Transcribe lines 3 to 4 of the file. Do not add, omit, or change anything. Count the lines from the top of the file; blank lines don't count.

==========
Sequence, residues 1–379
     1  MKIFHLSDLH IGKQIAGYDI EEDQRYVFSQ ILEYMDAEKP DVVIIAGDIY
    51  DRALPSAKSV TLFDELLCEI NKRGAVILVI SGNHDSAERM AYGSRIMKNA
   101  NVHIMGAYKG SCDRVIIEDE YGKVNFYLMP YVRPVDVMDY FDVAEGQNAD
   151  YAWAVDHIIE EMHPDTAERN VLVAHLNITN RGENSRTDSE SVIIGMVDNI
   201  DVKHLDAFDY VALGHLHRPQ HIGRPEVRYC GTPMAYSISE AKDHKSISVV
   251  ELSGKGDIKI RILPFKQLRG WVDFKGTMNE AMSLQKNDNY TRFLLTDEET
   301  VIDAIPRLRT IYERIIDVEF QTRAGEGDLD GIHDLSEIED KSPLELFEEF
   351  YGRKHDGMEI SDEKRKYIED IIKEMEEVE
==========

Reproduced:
    51  DRALPSAKSV TLFDELLCEI NKRGAVILVI SGNHDSAERM AYGSRIMKNA
   101  NVHIMGAYKG SCDRVIIEDE YGKVNFYLMP YVRPVDVMDY FDVAEGQNAD